Global leaders debate how tourism can be a force for good

TRAVEL and tourism CEOs have been implored to measure the industry’s effectiveness not just in dollars and cents, but its impact on natural resources and local communities.

Mark Malloch-Brown, former deputy secretary-general of the United Nations and chairman, Europe, Middle East and Africa, of business advisory firm FTI Consulting, pointed out that travel and tourism has the ability to bridge the gap between the rising middle class who are the consumers and those that have been left behind, which are likely to be the destinations.

“Just 10-20 per cent of tourist spending stays in the country of destination. We’ve got to look at how we can up that number…(how we can have) more local employment, better wages, so that we raise that dollar and impact,” he said.

To allow consumers to hold the industry accountable, Malloch-Brown added that hotels, for example, could go beyond informing guests that part of their payment has gone towards a charity but show how much of their money will stay within the local economy, what the supply chain is like in terms of whether goods and services are sourced domestically, and the property’s impact on the environment.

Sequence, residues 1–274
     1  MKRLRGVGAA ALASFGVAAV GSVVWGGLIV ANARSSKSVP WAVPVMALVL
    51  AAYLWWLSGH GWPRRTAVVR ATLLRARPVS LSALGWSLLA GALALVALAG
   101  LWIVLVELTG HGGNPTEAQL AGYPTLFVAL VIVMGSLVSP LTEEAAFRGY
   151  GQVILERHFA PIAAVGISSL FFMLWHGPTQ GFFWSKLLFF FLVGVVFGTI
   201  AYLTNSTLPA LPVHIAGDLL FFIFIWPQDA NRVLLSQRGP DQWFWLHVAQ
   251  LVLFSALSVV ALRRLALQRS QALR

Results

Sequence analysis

Agreeing, economist DeAnne Julius, non-executive director of Roche, Jones Lang LaSalle and Deloitte, suggested: “Perhaps prepare a metric that helps to compare across companies (the portion of spend that actually stays in the country visited).”

Bjorn Lomborg, director of environmental think tank, Copenhagen Consensus Center, also challenged businesses to not take the easiest way out. “I don’t blame hotels for wanting to say we’re green because that makes all their customers feel better…(but) you should be more concerned about what actually has the greatest impact, and that’s by far indoor and outdoor air pollution.”

Disputing practices such as 100 per cent recycling and 100 per cent organic products, Lomborg explained: “(Companies) should be asking the question: Do we have one big thing that’s actually outdoing all the green things that we’re trying to do? For instance, do we have an oil back-up generator that’s incredibly polluting? Maybe that’s worse than all the good things we’re doing.”

Reflecting on the current travel agency landscape, JTB president and CEO, Hiromi Tagawa, said: “There are too many harvesters but no sowing of seeds. We need to nurture for the next generation. Sustainability isnt just about selling the product…it’s our responsibility to protect nature and people’s lifestyles, which is what we’ve been doing in Okinawa with its traditional arts, for example.”

WTTC’s annual Global Summit brings together over 1,000 delegates to discuss issues facing the industry. Hainan is this year’s host for the 14th edition, which runs from April 24-25, and is themed Changing world, new perspectives.

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